MTV turns 35 years old today since it first launched on August 1, 1981. Although the network was dedicated to rock and pop music videos, R&B has also an important place on the network. Here are some of the hallmark videos from the genre that graced the network’s airwaves, changing the attitude and style of Pop Culture.

“Billie Jean” by Michael Jackson  (1983)

It’s hard to believe, but the first music video by an African American artist to air on MTV was Michael Jackson’s “Billie Jean” on 1983. Prior to the Steven Barron directed clip airing on the station, the network received two years of criticism for not letting black artists such as Rick James grace their rock-n-roll only airwaves. With his soaring solo popularity and cinematic flare, Michael Jackson helped usher in a new era and audience members for the station, with “Billie Jean” being hailed as “the video that broke the color barrier”.

“Thriller” by Michael Jackson (1983)

Keeping in the same vein, “Thriller” would be the most iconic music video to be premiered on MTV. When the 13-minute full length version debuted on December 2, 1983, it not only served as a hallmark pop culture event, but also solidified Michael Jackson’s place as the “Jackie Robinson of MTV”. The singer not only became the first to enter a “whites only game”, but he kept releasing MVP quality work that helped him compete against the others. Reinventing the music video, Jackson would release a plethora of other noteworthy videos throughout his career before his untimely death in 2009. (Side note: It’s also hard to believe that “Thriller” lost the first ever VMA for “Video of the Year” to The Cars’ “You Might Think” in 1984.  Not exactly a “Thriller”, but whatever floated MTV’s boat back then…)

“Little Red Corvette” by Prince (1983)

While Michael Jackson receives the credit for having the first black music video on MTV, Prince is lauded for helping the efforts of black artists remaining on MTV. The late singer had a knack for infusing rock with R&B, helping to push his videos further on a network highly devoted to rock music. The single from his fifth studio album, 1999, would become one of the singer’s most recognizable hits. Unfortunately, Prince’s estate has a strong hold on his catalogue and the video is not on YouTube due to copyright laws. If up for the task, silently watch the video below while the official audio from Tidal (if subscribed) plays (good luck: nothing will be in sync, *frowny face emoji*.)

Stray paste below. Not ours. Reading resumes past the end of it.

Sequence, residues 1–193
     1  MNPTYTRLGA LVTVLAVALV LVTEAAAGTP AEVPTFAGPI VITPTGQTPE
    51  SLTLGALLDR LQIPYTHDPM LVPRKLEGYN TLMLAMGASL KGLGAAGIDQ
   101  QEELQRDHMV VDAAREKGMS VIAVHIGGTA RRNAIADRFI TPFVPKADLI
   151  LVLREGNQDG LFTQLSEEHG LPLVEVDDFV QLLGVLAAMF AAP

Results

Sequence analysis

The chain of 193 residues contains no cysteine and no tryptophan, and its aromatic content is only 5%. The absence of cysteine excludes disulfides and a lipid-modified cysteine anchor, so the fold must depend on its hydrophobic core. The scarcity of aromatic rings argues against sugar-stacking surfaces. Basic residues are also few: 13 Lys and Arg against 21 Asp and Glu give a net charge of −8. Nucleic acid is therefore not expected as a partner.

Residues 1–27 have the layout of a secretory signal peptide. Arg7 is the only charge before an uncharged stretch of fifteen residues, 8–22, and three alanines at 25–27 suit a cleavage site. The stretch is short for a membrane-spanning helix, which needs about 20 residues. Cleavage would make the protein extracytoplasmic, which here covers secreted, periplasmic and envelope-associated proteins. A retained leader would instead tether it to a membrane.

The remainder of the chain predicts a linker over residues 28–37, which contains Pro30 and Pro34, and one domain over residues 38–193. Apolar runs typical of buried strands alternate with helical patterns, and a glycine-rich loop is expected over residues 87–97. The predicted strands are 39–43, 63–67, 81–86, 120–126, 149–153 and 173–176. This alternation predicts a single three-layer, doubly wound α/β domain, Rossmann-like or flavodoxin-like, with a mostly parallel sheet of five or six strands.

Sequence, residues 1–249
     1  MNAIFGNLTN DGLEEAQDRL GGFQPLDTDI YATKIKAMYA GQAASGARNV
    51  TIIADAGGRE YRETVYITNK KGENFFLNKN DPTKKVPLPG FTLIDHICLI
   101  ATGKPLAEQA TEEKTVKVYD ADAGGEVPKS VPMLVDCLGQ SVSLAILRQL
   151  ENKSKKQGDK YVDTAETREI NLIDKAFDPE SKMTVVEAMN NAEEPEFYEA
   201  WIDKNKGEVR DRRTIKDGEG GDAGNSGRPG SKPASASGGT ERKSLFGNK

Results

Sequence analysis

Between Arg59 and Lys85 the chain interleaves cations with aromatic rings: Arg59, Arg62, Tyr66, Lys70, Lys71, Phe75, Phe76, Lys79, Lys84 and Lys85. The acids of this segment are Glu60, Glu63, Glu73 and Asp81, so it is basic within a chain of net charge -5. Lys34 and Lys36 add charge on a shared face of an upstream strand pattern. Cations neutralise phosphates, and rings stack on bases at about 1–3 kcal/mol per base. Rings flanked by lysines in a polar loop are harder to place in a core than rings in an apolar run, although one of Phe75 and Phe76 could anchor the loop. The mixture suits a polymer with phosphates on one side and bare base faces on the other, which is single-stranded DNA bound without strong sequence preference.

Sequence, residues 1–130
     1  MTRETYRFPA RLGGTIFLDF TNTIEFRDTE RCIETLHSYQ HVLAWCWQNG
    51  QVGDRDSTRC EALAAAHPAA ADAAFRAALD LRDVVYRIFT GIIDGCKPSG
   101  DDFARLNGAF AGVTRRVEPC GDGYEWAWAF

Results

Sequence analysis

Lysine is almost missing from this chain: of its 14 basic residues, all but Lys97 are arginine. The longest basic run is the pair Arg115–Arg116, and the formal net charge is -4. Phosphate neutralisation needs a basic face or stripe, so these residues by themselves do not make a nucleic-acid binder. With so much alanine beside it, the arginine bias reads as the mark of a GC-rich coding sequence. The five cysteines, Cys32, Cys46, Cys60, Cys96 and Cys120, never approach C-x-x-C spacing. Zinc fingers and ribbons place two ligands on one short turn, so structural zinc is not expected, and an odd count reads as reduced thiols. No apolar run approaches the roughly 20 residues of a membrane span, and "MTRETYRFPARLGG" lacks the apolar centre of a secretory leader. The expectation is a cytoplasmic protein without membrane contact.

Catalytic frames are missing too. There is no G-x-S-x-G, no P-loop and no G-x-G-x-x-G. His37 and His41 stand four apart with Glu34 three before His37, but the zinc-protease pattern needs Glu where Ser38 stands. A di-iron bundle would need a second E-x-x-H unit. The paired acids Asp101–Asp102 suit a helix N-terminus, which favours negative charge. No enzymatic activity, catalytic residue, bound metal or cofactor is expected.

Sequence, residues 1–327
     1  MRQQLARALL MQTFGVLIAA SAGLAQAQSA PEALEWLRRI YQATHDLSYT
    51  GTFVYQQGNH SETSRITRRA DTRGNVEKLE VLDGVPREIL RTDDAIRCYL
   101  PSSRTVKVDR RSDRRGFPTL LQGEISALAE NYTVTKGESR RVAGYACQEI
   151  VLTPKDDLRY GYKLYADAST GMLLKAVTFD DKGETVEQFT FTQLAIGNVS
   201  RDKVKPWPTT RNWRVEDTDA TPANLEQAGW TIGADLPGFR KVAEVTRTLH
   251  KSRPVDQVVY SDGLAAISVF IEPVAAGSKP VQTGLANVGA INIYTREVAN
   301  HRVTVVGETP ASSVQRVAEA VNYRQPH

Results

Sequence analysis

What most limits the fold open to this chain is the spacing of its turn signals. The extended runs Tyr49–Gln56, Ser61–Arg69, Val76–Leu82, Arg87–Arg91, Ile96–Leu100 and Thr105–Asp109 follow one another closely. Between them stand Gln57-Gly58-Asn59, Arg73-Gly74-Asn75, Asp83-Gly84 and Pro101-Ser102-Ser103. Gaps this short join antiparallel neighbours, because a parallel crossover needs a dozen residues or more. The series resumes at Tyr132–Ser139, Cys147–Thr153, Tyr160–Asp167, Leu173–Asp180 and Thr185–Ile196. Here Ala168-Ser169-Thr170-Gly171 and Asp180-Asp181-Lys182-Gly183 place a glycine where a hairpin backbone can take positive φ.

“Rhythm Nation” by Janet Jackson (1989)

Michael Jackson, Prince, and Madonna are often referred to as the trifecta of 80s music, but Janet, the younger sister of Michael, is often neglected in the conversation. While the black music video circuit finally had some representation, Janet Jackson’s iconic video brought black women into the discussion. Wearing an iconic key earring and an all-black, futuristic military ensemble, Janet Jackson dazzled viewers with her legendary dance routine that would inspire the likes of Beyoncé, Ciara, and Rihanna.

“Waterfalls” by TLC (1995)

T-Boz, Left Eye, and Chilli always had a message in their music videos, and “Waterfalls” was no different. In fact, it was the standout. The noteworthy video advocated for safe sex, warning viewers about the strong presence of HIV/AIDS in the 90s. The trio danced in front of a waterfall, making the video more on brand and helping them to win the 1995 VMA for “Video of the Year”.

“Virtual Insanity” by Jamiroquai (1997)

This is the case of the video helping to further push the greatness of a song. This 90s classic from the British jazz-funk-R&B band has an “insane” (pun intended) music video that featured the lead singer, Jay Kay, dancing in a white room that spun around and shifted its furniture (something that Destiny’s Child would slightly take after a few years later). The video broke conventions in terms of filming and editing, and won “Video of the Year” in 1997.